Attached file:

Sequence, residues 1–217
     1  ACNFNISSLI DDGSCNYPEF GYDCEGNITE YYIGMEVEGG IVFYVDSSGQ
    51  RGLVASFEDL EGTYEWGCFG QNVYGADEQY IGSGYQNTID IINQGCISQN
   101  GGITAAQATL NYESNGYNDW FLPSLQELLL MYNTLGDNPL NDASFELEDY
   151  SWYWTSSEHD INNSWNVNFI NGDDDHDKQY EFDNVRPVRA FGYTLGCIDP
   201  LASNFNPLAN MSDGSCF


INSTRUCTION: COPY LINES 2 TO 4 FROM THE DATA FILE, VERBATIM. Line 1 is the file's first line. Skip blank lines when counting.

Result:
     1  ACNFNISSLI DDGSCNYPEF GYDCEGNITE YYIGMEVEGG IVFYVDSSGQ
    51  RGLVASFEDL EGTYEWGCFG QNVYGADEQY IGSGYQNTID IINQGCISQN
   101  GGITAAQATL NYESNGYNDW FLPSLQELLL MYNTLGDNPL NDASFELEDY